I purchased a Microfrets signature new in 1968 for $295.00. double cutaway. It was bright red. Very light weight guitar. It was made of a laminated 2 piece type of fiberglass. The intonation was awesome. I sold it in 1975 as well as my selling my 69 strat. Sure wish I had those guitars now. Now Paul Rose has brought the company back to life. The nut can be purchased from them for $125.00 as a replacement for there guitars. I'll see if I can find a picture of mine and scan it. It was really ahead of it's time and there original designs were more for the C&W and Jazz vs R&R.

Mike

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look foward to the pic as their site has none ther is a pic with t on a guitar but its hard to see in detial

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In 1972 I worked in a music store and the owner was somewhat of an inventor.

He had the same idea for a fully adjustable nut.

He came up with a design and had a patent lawyer do the patent search and found that there were already 5 or 6 patents for a similar device.

I'm sure I've seen "compensated" nuts somewhere.

Be Cool,

d ward

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I didn't know the Micro-Nut was back out again. It's from the 60s, I think, and didn't last too long. If you want to get an idea why, look at the price in the above link! There's a lot of parts there. I think about 80, just to make the G sound in tune a bit better.

A common solution is to shorten the fingerboard at the nut end by .020" or so. That's an old idea too ... and that's exactly what the Buzz Feiten system does. He didn't invent it, he just trademarked it.

With most factory guitars the tuning problems in the lower positions have very little to do with the nut design anyway. The nut slots are simply cut too high.

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The really cool thing about the micro-fret nut was it was adjustable up or down , forward and back and sideways and was a roller nut. It was an ingenious design but was also very finicky. Would work for almost any radius. I just had surgery on my leg so I'm not real mobile so may be a day or 2 before I can find a pic.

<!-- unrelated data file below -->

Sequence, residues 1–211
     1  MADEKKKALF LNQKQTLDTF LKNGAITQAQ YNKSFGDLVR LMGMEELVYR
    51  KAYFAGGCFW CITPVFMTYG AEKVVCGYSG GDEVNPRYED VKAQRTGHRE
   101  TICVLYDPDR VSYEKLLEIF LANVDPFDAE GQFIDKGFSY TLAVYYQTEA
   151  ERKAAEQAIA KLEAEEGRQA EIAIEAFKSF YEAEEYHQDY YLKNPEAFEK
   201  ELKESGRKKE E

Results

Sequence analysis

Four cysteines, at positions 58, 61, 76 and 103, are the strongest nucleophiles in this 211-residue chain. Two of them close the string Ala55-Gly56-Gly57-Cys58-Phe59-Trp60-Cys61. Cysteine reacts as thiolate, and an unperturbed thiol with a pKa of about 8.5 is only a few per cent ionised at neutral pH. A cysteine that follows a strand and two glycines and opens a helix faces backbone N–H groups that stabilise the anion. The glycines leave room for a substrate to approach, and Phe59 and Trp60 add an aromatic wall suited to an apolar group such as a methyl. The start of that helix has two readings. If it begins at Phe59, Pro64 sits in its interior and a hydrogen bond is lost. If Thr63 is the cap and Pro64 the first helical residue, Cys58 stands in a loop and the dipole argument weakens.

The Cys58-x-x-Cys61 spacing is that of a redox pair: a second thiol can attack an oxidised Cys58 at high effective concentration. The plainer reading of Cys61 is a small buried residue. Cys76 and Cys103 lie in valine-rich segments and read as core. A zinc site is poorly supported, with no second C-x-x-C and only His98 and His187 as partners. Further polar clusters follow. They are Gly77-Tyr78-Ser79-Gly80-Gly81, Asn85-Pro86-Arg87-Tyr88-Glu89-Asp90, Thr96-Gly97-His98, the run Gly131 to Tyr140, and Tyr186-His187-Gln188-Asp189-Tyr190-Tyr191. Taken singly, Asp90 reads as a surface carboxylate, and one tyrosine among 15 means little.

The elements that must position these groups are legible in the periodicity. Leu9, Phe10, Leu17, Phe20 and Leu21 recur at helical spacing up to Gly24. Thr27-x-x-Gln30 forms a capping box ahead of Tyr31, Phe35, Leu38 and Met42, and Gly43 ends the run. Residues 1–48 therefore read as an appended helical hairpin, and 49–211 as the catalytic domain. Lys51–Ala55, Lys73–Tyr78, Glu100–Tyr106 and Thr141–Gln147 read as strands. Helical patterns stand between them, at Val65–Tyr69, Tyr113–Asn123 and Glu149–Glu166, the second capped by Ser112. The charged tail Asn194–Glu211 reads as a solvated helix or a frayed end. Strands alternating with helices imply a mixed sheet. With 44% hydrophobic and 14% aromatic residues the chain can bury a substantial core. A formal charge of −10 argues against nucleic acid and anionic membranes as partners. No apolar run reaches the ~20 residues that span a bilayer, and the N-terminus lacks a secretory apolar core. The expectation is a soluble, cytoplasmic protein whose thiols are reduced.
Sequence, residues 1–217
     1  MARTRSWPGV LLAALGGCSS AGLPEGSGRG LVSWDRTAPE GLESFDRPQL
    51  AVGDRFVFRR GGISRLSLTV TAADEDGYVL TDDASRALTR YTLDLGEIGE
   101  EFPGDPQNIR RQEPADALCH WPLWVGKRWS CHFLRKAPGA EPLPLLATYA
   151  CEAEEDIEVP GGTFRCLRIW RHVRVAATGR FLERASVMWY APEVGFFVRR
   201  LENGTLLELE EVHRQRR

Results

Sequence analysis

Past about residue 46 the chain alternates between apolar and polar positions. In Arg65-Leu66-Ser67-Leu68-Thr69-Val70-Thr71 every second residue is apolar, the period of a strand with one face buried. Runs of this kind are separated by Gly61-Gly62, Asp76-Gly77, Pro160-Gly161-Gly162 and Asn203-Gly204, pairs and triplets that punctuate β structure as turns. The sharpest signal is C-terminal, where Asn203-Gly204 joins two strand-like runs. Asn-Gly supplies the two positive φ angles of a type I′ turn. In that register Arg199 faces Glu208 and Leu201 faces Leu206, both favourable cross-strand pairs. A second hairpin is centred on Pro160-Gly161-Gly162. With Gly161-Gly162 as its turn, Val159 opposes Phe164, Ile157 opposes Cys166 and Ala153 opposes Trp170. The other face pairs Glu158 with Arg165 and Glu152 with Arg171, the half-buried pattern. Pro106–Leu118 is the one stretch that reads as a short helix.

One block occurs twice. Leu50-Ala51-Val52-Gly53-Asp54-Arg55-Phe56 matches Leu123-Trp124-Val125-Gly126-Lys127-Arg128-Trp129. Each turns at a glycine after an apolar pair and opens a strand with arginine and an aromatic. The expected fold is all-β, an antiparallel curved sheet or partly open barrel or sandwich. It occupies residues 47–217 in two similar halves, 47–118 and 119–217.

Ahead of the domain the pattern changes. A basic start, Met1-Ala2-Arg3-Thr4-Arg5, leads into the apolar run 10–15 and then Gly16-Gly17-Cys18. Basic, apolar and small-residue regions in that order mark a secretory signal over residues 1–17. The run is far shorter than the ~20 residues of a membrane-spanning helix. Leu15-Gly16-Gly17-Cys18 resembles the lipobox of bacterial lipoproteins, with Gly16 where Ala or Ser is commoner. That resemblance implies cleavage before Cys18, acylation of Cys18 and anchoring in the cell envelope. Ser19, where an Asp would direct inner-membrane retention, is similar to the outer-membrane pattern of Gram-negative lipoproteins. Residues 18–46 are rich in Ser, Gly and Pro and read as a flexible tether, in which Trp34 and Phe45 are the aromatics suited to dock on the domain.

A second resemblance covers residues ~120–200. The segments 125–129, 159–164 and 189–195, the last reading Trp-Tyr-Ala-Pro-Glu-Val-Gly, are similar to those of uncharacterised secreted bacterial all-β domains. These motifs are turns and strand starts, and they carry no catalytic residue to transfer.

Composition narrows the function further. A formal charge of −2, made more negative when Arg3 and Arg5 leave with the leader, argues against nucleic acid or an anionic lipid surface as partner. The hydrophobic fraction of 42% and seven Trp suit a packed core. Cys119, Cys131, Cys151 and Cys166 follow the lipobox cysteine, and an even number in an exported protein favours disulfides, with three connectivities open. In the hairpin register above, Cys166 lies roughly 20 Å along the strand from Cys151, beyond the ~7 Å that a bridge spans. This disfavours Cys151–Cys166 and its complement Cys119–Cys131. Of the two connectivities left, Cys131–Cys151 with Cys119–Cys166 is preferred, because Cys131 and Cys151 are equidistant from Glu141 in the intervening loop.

MK

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In 1972 I worked in a music store and the owner was somewhat of an inventor.

He had the same idea for a fully adjustable nut.

He came up with a design and had a patent lawyer do the patent search and found that there were already 5 or 6 patents for a similar device.

I'm sure I've seen "compensated" nuts somewhere.

Be Cool,

d ward

Taylor use them on their acoustics. Quite an old idea actually and a few people have used them over the years.

The whole subject of compensation is a fascinating one but IMO alot of people are obsessed with reaching a level on intonation that the human ear isnt capable of detecting.

Cheers Martin

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My ear is DEFINITELY capable of hearing the typical "out of tune-ness" of typical nuts and typical setups. Compensation isn't about perfection but rather about improvement. There's no way the guitar, due to its physics, can EVER be "perfectly" intonated (and indeed, even a Piano which CAN be, is tempered to make it pleasing to the ear), but that's a different issue. Some people are obsessed, but others simply want to make an improvement to their guitars that's easily and instantly audible to a great many people.

Greg

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My brother has "perfect pitch" which means he can hear a note and tell which note it is.. It's pretty amazing.